Galileo’s dilemma

© 2002 by Mark Macy

About 400 years ago, Galileo used one of the first telescopes ever made to look up into the sky. He saw pock-marks on the moon, indicating that the moon was once bombarded by asteroids. He saw sunspots, suggesting that the sun was a ball of churning, burning gases. He saw moons around Jupiter, suggesting that Jupiter, Mars, and Venus were not just points of light in the night sky. They were planets much like our own Earth. So the Earth was not the center of the universe, as scientists and Church leaders believed at that time. And the universe was not a perfect creation made for the delight of mankind. 

At that time, mainstream science in the Western world was intertwined with Christianity, and the things that Galileo saw with his telescope threw science and religion for a loop. Scientists and church leaders didn’t know how to handle Galileo. They were not able to believe that the Earth was little more than a grain of sand along an endless cosmic beach. Galileo’s findings could shatter their worldview. After a lot of debate, they came out with a proclamation: "God is perfect, and all of God’s creation is perfect. Man is imperfect, and therefore his inventions are imperfect. Why should we use an imperfect invention like Galileo’s telescope to see God’s perfect creation? Wouldn’t that corrupt God’s creation?" Eventually Galileo was brought before the Inquisition and pressured to renounce his ideas, or face imprisonment or death.


The Boggle Point 

We all have our own unique mental roadmap or model of reality, and we use it to navigate here on Earth. The model is made up of our beliefs and attitudes, which in turn have been formed by the things we learned in school and from our parents, and the information we have absorbed from books, magazines, movies, television programs, and other sources. As this information comes into our mind, we try to accommodate it by adjusting our model just a little bit. 

Sometimes, though, the new information is so radical that it simply won’t fit into our model of reality unless we disassemble the model and begin building it from scratch, using the new information as a foundation. Typically, when that happens, our mind tries to protect its model. It resists the new information and snaps shut. At that point, the mind has been boggled, and it doesn’t matter then what kind of solid evidence or absolute proof is presented with the new information, the mind is simply unable to accept it.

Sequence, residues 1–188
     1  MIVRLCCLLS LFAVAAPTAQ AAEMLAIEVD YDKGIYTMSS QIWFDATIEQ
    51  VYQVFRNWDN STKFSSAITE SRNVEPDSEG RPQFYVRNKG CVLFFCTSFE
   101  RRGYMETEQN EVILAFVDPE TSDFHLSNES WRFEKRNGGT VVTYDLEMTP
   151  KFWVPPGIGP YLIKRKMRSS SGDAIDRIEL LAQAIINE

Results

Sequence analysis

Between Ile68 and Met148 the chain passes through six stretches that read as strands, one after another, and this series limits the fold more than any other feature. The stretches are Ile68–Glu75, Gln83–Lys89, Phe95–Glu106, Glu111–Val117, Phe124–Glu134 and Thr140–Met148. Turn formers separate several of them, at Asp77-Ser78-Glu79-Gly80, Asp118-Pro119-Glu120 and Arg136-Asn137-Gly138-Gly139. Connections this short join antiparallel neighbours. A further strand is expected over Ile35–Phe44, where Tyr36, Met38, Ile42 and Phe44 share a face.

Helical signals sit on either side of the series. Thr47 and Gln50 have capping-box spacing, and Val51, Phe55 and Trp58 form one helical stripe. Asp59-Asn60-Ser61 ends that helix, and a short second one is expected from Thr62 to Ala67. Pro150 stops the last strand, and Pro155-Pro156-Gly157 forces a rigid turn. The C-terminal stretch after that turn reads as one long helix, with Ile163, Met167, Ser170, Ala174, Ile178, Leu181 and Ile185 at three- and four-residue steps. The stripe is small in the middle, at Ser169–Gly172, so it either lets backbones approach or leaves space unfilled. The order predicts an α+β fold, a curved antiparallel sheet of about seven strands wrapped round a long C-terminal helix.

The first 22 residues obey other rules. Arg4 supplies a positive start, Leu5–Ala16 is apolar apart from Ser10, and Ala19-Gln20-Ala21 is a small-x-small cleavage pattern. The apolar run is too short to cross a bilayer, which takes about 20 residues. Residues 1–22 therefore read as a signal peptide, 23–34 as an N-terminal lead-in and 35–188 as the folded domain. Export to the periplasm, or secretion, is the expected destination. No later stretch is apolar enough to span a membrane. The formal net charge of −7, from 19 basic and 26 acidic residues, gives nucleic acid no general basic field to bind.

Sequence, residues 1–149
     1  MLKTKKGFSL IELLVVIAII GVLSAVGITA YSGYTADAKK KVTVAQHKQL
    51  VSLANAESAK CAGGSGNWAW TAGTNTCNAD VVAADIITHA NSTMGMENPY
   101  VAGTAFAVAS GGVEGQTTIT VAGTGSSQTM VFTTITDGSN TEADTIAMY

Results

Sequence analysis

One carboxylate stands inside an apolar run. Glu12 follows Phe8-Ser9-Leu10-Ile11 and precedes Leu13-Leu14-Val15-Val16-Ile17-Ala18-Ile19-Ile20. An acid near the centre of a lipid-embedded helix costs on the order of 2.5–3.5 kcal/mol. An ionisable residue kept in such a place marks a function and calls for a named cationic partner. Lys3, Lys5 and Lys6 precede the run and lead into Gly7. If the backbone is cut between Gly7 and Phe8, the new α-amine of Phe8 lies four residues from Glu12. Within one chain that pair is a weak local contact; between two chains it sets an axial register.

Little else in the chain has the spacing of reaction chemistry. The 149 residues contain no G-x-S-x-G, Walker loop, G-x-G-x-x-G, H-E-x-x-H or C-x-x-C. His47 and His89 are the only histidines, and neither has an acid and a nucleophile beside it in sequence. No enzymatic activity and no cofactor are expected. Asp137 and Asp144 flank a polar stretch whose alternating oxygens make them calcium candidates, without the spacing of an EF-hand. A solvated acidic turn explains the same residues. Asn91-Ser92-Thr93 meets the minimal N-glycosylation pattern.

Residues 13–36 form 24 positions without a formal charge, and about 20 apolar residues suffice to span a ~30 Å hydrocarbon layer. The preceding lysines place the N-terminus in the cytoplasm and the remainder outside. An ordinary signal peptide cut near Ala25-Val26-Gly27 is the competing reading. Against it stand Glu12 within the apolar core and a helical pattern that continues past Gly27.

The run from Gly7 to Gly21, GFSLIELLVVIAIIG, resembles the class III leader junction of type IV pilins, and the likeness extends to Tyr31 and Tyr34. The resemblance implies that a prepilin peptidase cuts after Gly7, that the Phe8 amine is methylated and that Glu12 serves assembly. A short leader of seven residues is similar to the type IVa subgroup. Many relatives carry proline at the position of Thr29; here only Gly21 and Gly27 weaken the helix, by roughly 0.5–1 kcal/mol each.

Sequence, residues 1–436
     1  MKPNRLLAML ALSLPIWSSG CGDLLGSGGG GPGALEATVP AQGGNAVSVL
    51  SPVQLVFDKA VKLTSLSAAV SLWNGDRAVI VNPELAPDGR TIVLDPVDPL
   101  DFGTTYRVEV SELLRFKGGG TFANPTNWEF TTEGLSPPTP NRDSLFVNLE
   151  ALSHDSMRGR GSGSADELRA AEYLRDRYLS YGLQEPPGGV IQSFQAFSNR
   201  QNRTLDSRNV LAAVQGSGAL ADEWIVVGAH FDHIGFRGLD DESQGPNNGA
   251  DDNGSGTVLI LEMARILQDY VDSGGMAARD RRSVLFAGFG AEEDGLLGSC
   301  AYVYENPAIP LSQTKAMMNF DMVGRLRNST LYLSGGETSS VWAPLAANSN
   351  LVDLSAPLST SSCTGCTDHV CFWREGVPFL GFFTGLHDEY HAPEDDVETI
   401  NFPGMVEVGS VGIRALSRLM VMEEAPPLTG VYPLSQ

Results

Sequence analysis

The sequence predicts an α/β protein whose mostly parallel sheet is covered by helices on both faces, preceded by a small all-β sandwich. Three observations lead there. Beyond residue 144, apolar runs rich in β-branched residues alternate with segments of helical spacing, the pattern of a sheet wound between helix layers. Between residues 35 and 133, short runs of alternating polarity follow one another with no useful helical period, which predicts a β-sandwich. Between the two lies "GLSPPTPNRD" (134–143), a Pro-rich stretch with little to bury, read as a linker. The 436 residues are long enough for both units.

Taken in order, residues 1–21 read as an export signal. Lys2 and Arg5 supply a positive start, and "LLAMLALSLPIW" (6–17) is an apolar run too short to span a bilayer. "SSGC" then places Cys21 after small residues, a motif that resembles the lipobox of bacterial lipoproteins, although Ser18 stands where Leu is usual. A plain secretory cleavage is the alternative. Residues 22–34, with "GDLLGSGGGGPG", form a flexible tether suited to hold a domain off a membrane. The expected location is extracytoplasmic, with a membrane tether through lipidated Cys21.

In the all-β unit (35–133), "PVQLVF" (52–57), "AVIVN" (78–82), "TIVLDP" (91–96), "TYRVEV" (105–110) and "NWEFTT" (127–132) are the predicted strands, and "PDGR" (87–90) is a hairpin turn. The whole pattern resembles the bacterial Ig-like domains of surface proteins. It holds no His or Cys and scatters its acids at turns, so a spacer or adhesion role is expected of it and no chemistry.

Once we've gone beyond our boggle point, either we will ignore new information completely or else we will consider it a threat that needs to be disproved, in which case we'll sow seeds of our own doubt in the minds around us in an effort to build up a negative support group. The tendency to close down, often called "narrow-mindedness", is simply a means of self-protection. The more aggressive reaction of crusading against the new information is something I call "the debunker syndrome," and I believe it is often the product of narrow minds fueled by fear. 

Looking back on Galileo’s dilemma now, most of us realize that those early scientists and church leaders came up with a contrived, almost convoluted argument to protect their worldview from a new and higher truth that was made possible by Galileo’s telescope. That telescope offered a broader view of reality that would require science to undergo a complete overhaul, but the collective mind of science and religion of that era was boggled, and it resisted the inevitable changes for nearly a century, when Isaac Newton and other pioneer scientists constructed a new scientific model—a spiritless paradigm that took into account only the material universe…and that paradigm is still the navigating tool of science today. 

Today, the luminator offers a broader view of reality, and I believe that mainstream science is ripe for another overhaul. A few frontier scientists, such as Rupert Sheldrake in England, Burkhard Heim and Ernst Senkowski in Germany, and William Tiller in the United States, are talking about other dimensions of reality superimposed over our own, and the subtle energies and consciousness that can shape those realities. But mainstream scientists are not listening. They are unable to see such truths, which would cause a meltdown of their current model.  

ITC research today provides solid evidence—I would say proof—that our world is superimposed by various nonphysical realms flourishing with intelligent beings, and that those beings can and do interact with our world.

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